The Suonos' sound was muted with The Life and Music of Richard Thompson on Free Reed, which adds up to six discs if you count the early-bird bonuses. The recordings include many archival rarities, and their quality varies wildly. When the on-walls tried to grab a recording that originated as a shaky demo cassette, it slipped away from them, without enough shadings to hold onto. The more well-rounded recordings fared better. They sounded lifelike and substantial. I think there was more going on here than the customary "garbage in, garbage out." Bad recordings can still have a crude vitality, but, without the focus that only good speaker placement can provide, only the crudeness survives, and the vitality disappears.

Up Against the Wall
To avoid obstructions near the wall, my surround setup required the left and right speakers to sit farther apart than I'd normally have them. They ended up flanking the projection screen instead of sitting in the usual position under the screen's left and right boundaries, as stand-mounted speakers normally would do. That didn't violate Angstrom's setup instructions, which recommend that left/right and speaker/listener be equidistant. The manufacturer also suggests "angling the speakers in a lot, so that their axes cross in front of you." This definitely made the ghost less ghostly. If I'd been hanging the Sonatas permanently rather than propping them up temporarily, I'd shop around for an angled bracket to attach to the mounting plate.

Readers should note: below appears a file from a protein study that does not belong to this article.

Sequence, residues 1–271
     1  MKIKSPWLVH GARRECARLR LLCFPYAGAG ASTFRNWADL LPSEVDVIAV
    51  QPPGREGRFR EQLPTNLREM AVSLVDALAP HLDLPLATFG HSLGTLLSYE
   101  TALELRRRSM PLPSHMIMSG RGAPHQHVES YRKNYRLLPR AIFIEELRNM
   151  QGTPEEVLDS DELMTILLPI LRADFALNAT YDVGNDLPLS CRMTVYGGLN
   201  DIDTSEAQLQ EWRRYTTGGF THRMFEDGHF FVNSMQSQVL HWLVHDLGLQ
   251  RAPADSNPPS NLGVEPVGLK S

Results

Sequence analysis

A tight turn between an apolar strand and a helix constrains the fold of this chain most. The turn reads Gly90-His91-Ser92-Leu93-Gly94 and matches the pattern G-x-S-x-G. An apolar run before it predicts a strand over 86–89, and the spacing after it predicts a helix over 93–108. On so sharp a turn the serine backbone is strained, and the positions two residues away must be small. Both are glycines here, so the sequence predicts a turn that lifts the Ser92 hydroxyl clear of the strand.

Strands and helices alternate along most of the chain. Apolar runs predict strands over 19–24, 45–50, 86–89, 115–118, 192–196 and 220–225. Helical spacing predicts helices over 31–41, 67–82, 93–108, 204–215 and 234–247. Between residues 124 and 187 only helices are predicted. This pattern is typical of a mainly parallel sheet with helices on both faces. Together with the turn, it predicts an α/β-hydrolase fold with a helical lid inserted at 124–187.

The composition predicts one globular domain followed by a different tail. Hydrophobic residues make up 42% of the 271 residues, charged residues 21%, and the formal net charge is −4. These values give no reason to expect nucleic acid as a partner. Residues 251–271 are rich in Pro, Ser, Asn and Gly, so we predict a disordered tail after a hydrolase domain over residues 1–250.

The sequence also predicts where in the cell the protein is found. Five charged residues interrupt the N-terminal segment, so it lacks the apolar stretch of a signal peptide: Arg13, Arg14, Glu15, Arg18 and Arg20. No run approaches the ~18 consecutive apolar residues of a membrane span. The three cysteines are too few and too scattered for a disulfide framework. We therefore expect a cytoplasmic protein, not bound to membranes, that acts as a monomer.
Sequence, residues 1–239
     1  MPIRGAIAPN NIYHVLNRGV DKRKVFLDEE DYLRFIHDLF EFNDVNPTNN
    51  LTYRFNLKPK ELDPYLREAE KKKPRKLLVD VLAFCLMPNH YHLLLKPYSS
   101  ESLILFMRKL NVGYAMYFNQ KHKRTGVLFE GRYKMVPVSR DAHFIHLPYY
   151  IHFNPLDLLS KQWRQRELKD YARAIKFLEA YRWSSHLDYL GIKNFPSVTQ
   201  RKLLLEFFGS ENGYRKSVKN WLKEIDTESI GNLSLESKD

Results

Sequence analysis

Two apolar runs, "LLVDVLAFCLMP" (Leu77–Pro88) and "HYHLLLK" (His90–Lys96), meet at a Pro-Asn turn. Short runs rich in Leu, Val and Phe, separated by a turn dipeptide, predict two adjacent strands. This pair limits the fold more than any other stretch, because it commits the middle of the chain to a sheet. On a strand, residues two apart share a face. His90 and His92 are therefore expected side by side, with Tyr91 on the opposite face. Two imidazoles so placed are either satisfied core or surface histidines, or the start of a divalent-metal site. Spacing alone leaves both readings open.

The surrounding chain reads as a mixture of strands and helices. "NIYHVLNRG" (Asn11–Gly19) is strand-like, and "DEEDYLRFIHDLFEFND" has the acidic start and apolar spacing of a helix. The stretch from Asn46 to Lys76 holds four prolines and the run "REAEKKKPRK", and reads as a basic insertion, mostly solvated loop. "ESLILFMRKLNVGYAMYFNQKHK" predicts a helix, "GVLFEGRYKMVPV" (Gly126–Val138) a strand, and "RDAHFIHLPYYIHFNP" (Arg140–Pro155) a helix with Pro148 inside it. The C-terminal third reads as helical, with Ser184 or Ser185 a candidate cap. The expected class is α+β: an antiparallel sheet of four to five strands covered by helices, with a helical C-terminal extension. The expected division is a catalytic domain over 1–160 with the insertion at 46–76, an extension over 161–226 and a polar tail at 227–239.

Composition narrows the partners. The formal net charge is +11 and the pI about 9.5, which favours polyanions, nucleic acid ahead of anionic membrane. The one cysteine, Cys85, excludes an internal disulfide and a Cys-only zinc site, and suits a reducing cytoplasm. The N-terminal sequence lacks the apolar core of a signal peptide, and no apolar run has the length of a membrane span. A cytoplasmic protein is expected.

Departing from my usual speaker placement didn't prevent the violin and cello from leaping out of the speakers on Piazzola's Fuga 9, performed by Mr. McFall's Chamber from Like the Milk. I don't mention it much, but it's track 1 on my most heavily used test CD-R. On other tracks, there was a soft-focusing of familiar vocals, and some electric guitars had less sting than usual. But, if the tonal balance seemed on the soft side of average, that may be because so many other speakers that come through here are bright.

The opening scene of Dances with Wolves is my favorite DTS soundtrack for its mix of mumbled vocals, rifle shots, and orchestral score. Vocal clarity was about average. The rifle shots made me jump, and I began to like the sub. Setting it up was mildly confusing. It didn't seem to respond much to my receiver's sub test tone, and I pegged it as reserved. The 150-watt power rating seemed to confirm that judgment. But, when it actually started subwoofing, I realized the sub was prioritizing low bass over midbass (not a bad thing in my room). It's not the meatiest or the most focused bass I've ever heard, but it gave the rap-club scenes in Eminem's 8 Mile a suitable plumpness.

After living with Angstrom's Suono Sonata 200s for an unusually long demo period—which coincided with the holidays and other work interruptions—I had grown to depend on them. So, snob though I am, I managed to live with on-walls for months and survive. During that time, they mutated attractively, becoming sweetly musical and positively voluptuous toward the end. For people turned off by bulky conventional speakers, high-performing on-walls like the Sonatas are now among the possibilities.

* Audio editor Mark Fleischmann is also the author of the annually updated book Practical Home Theater (

• Flat form factor and varied color options to match your flat-panel video display
• More sonic subtlety than you'd expect in an on-wall

Angstrom Loudspeakers
(714) 648-0983